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By Wendy K. Mages

My 92-year-old mom and I are in line to check out at the Jewel grocery store. We have chips; we have dip. We have guacamole; we have salsa. We have whole fruit and cut fruit in trays, grapes and cherries, and all sorts of veggies and veggie trays. Plus, we have jicama, my favorite, and tomatoes, mom’s favorite.

According to my mom, no salad or sandwich is complete without tomatoes. Instead of PB&J, she often favors PB&T: peanut butter and tomato. Mom’s love of tomatoes started in her childhood, during the Great Depression. If her mom, my grandmother, was able to earn a little extra money, as a special treat, she would buy my mom a tomato, a delicious token of her love and devotion.

These days, when I come home to Chicago to visit, my mom stocks the refrigerator with all of my favorite things. I love Honey Crisp apples, but they’re pretty pricey. Unless they’re on sale, I’m usually too cheap to buy them for myself. But when I open my mom’s fridge, it’s stocked full of Honey Crisp apples and my favorite sparkling water, which she likes to call my “joy juice,” a reference to some, more potent, moonshine concoction from the comic strips in the funny papers of her youth.

During this Chicago visit, we’re hosting a reunion for my three best friends from junior high. Linda, one of these friends, has been living in Atlanta and is now visiting Chicago with her whole family: her husband, her three sons, her two sisters, her two nephews, and her niece. Everyone’s invited; everyone is welcome.

As an only child, but a very social person, my mom always finds ways to make our friends part of our mishpucha or, in modern parlance, part of our framily, the collection of friends and family we cherish as kin. My three best friends from junior high, Mary, Marcy, and Linda, are part of our framily. So, we want to make sure we have everyone’s favorite things even before the pizza arrives. In other words, we have an overflowing grocery cart filled with “appetizers” and “extras.”

As we approach the checkout, Mom whispers, “It’s my treat.”

“No, Mom, I can pay for this,” I assure her.

“I know, but this one’s on me,” she insists and pulls her credit card from her wallet. We check out. Then, I load everything into her car and we head back to her apartment.

At the apartment, we angle the dining room table from corner to corner. This peculiar diagonal configuration allows us to add all of the table extensions, so we can include everyone at the same table. That’s important. Mom wants everyone to feel included because, like me, she has known and loved my friends for decades. Not only has she watched us all grow up, but my mom attended Linda's sweet 16 party and her wedding. Mom even attended the baby shower for Linda’s firstborn son, who is now a 22-year-old college grad and on his way to join us.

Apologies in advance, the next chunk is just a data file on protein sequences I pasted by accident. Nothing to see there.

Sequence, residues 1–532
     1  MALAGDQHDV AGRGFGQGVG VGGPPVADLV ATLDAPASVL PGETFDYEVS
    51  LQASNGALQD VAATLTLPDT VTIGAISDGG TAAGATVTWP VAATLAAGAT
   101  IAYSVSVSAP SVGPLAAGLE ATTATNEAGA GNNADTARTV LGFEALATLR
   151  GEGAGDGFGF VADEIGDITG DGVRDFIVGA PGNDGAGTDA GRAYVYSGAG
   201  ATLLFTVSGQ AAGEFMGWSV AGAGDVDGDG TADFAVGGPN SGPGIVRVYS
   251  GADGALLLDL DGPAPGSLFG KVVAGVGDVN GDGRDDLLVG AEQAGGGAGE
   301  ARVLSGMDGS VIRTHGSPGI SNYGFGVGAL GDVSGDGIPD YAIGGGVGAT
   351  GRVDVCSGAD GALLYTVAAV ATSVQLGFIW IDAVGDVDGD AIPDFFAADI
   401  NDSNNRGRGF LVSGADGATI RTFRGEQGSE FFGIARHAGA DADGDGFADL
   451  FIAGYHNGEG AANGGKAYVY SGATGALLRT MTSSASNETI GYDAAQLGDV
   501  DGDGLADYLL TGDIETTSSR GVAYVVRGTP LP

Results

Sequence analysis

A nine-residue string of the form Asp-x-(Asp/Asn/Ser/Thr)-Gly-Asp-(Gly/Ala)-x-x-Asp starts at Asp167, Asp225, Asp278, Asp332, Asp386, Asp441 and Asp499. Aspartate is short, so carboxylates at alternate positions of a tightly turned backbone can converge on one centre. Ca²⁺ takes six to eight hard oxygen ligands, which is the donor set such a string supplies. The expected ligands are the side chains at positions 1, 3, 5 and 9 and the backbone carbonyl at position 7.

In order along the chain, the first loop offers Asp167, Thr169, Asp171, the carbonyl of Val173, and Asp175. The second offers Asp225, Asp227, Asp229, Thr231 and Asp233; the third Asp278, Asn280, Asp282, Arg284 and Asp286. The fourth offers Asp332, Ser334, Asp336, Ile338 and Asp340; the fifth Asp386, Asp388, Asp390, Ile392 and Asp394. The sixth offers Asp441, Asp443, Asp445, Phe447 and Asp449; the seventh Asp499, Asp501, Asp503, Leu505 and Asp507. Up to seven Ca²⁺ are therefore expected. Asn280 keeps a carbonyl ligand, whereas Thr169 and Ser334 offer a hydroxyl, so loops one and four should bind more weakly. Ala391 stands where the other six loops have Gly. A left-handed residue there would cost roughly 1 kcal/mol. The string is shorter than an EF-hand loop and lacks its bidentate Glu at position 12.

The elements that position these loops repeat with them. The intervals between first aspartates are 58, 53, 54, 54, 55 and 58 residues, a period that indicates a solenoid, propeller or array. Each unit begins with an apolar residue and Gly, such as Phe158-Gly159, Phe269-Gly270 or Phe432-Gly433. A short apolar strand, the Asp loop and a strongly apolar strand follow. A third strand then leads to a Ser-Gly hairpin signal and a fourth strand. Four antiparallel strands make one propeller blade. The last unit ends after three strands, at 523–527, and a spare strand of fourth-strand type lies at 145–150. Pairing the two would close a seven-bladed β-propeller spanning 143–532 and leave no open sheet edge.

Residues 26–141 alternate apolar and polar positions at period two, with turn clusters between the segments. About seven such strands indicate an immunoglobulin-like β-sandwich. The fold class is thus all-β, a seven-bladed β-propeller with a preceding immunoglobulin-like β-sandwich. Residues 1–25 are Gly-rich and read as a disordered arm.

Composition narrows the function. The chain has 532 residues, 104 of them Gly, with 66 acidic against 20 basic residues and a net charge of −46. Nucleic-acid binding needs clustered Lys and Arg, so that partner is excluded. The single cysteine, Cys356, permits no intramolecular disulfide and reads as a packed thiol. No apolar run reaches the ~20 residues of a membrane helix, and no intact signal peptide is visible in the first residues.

As she greets our guests, Mom’s soft blue eyes twinkle like star sapphires set in diamonds. She couldn’t be more excited to see everyone. The truth is my 92-year-old mother is a party animal; she’s always up for a fun time and loves to throw, or attend, a good party.

Tonight we’re trying to make this party fun, yet easy. We’re using Chinet® paper plates and red Solo® cups, not Mom’s usual style. Ordering the pizza should be easy, but it’s our biggest conundrum. Mom will forgive a person almost anything, but she’s not so forgiving when it comes to restaurants. One disastrous dish, one disappointing meal, and that’s it; the restaurant is on the “never-again list.” The nearest pizzeria, recommended by all of my foodie friends, is on the “never-again list.” I try to convince Mom to give it a second chance.

“No! No, no, no, no, no!”

There’s no negotiation. Her stance is firm, unequivocal. I should have known better. At 92 years of age, and just over 5 feet tall, she may appear to be a frail little old lady, but what she lacks in physical strength, she makes up for with the courage of her convictions. She had one bad slice of pizza at that nearby pizzeria and that was the end of that.

To complicate matters, my mom is a thin-crust person, living in Chicago, the land of deep-dish. After a considerable amount of research and debate, we identify a pizzeria that has highly-recommended thin-crust pizza, great salads, and delicious desserts. Relieved, I place the order.

Until tonight, we had never met Linda’s niece or her two nephews, but as soon as we’re all together it feels like a family reunion. We eat and talk and hang out, just like old times. As my mom laughs and talks with each of us, sharing her wise words, her joy is palpable. She sparkles as the hostess-with-the-mostess, the proud matriarch of our ever-expanding framily.

As I reflect on this very special celebratory night, it is perhaps more vivid because it was the last time my mom would ever host a party in her apartment. A year later our framily, our mishpucha, gathered in that same apartment to celebrate her life and her legacy. We had everyone’s favorite things to eat, even tomatoes, but my mom was no longer there to greet us.


Wendy K. Mages, a Professor at Mercy College, is a storyteller and educator who earned a master’s and a doctoral degree in Human Development and Psychology at the Harvard Graduate School of Education and a master’s degree in Theatre at Northwestern University.

Her research focuses on the effect of the arts on learning and development. As a compliment to her research, she performs original stories at storytelling events and festivals in the United States and abroad.

Her stories appear or are forthcoming in The Journal of Stories in Science, Potato Soup Journal, New Croton Review, Funny Pearls, Young Ravens Review, and LIGHT. A triptych of her poems appears in Scenario.


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